In this portfolio of curated texts and visual material, D. Graham Burnett and Mark Dion—who shared a studio for a year while each working at the intersection of artistic practice and the history of science—juxtapose a collection of telling historical quotations with images that evoke collective fantasies of rational inquiry into nature. The result explores the rhetorical dimensions of both representing science and opining as to its purpose.
Trichechus manatus latirostris, 2013
After all, what is science for, if it be not to bring man and nature to embrace each other rapturously, lovingly, responsively?
—Hilderic Friend, “New World Nature-Lovers,”
Hardwick’s Science Gossip, 1891
The Great Munich Bug Hunt, 1993
Pestilence follows dirt; health, cleanliness. Be clean, and the laws of God are on your side. Live in miasma—filth—and you are against the law, and as surely as the lightning strikes the steel, so surely you will suffer. Can anyone doubt, then, with regard to our duty to the poor, who live in places which to breathe in is a rapid death? It is not to level the sties of Bermondsey and St Giles to build fine houses in and to drive the wretched inhabitants to places fouler and more hideous still; but it is to supply baths, water, to clean, and clean, and clean, to purify the rivers, to dig the sewers deep and roof them well, to provide sewerage for the poor, to urge government to obey sanitary laws of old, to tell the rich to give and give till they can cleanse the poor; and what is science for but this?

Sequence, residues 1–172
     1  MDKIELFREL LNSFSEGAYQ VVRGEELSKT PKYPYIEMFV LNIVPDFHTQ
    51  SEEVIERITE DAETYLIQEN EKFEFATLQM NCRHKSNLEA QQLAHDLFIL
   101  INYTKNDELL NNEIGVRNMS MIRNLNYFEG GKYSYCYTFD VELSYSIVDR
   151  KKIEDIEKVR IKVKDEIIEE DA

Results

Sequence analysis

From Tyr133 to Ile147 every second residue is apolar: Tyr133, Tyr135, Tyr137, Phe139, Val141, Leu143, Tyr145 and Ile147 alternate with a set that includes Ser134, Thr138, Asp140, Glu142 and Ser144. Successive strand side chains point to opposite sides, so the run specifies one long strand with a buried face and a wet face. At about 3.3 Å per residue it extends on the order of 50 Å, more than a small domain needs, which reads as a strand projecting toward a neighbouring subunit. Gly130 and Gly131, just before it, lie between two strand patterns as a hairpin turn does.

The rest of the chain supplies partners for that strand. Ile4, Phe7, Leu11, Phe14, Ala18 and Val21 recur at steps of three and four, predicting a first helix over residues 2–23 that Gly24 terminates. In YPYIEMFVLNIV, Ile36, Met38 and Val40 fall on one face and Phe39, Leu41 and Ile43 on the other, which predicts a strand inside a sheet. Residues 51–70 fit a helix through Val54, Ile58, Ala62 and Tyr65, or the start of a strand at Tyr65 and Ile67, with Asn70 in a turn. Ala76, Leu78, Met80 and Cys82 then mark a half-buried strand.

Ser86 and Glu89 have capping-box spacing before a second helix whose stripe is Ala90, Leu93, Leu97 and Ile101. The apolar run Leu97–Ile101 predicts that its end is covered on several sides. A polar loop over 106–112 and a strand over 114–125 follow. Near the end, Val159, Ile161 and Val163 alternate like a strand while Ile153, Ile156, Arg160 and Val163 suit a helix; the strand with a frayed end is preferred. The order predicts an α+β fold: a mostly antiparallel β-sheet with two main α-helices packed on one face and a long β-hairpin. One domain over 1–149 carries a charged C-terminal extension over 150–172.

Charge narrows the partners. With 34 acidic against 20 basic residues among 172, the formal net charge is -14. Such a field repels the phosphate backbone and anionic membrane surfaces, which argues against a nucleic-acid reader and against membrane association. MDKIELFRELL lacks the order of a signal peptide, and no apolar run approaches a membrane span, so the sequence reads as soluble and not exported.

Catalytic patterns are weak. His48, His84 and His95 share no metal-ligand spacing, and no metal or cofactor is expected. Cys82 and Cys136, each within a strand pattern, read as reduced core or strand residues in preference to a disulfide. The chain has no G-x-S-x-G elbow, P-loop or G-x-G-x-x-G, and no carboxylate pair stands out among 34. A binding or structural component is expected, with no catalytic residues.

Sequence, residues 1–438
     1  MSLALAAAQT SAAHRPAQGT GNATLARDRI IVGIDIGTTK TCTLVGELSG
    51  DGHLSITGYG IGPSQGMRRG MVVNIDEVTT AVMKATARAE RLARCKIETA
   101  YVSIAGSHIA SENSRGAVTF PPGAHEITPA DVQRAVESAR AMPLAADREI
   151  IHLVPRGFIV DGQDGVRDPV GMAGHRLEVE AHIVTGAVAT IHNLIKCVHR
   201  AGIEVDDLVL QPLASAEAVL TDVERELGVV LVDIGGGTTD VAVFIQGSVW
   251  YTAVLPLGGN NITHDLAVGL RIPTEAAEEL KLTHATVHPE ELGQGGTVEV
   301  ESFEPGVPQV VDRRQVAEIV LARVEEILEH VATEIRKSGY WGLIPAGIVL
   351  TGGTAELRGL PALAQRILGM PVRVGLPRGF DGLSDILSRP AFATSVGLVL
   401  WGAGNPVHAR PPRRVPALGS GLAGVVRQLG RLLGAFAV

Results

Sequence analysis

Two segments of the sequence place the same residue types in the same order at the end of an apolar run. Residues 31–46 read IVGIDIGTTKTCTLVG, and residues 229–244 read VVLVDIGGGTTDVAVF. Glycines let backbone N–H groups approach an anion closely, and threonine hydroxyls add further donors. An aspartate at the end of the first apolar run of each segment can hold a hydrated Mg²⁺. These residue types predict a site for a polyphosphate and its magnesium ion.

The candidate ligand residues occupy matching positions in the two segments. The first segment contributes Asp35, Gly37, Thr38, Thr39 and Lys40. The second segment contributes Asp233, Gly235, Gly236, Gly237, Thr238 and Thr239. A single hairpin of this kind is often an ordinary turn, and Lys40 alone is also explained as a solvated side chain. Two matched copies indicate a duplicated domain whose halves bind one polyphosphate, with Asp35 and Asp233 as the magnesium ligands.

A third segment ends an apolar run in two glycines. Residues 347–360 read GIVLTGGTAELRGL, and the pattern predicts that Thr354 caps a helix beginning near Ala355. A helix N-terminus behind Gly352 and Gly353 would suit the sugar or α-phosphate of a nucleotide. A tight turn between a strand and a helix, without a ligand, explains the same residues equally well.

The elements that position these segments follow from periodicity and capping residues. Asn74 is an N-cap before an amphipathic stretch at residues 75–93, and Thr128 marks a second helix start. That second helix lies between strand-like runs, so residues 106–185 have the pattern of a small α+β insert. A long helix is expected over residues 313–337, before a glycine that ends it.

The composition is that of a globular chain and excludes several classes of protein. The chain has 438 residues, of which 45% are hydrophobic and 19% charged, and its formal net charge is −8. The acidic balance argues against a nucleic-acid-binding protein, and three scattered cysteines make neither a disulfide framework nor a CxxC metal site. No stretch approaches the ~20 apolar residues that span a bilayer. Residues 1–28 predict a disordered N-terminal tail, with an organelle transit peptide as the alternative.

—Anonymous, “The Genius of the Reverend Charles Kingsley,”
The Eclectic Magazine of Foreign Literature, Science, and Art, 1857
Scala Naturae, 1994
What is science for, if not to modify the associations of people and things?
—Bruno Latour, Pandora’s Hope, 1999
Library for the Birds of Massachusetts, 2005
What is science for, if not to sustain us against the intoxications of night and the temptations exercised by the enchantress appearance?
—Vladimir Jankélévitch, Music and the Ineffable, 1961
Curiosity Cabinet at the Oceanographic Museum of Monaco, 2011
The first responsibility of the University is to do its part in answering the gravest of social questions: At which end of the ship shall we place the bowsprit? That is, shall we go forward or backward? Going forward means that we search for the causes of undesirable social conditions. This requires us to do and not merely discover and deplore. When nation-wide defects of economy are joined to nation-wide effects of an unbalanced natural environment, we call to our aid two forces: science and general control for the general good rather than individual control for the individual good. What is science for if not to meet such a situation?
—Isaiah Bowman, “The Twelve Houses of Heaven,” 1941
Bureau of Remote Wildlife Surveillance, 2006
What is science for, if it does not equip us to face and absorb the shocks of the future?
—Indira Gandhi, Selected Thoughts, 1985
Marine Invertebrates, 2013
What is science for, if not to advise a lethal chamber?
—Emma Goldman, The Social Significance of Modern Drama, 1914
What is science for? When this question is squarely and thoughtfully faced, scientists will agree that science exists for man, and not for itself alone.
—U.S. Senate, “Hearings on Science Legislation,”
Subcommittee on Military Affairs, 1945
Art credit: All images courtesy of Mark Dion and Tanya Bonakdar Gallery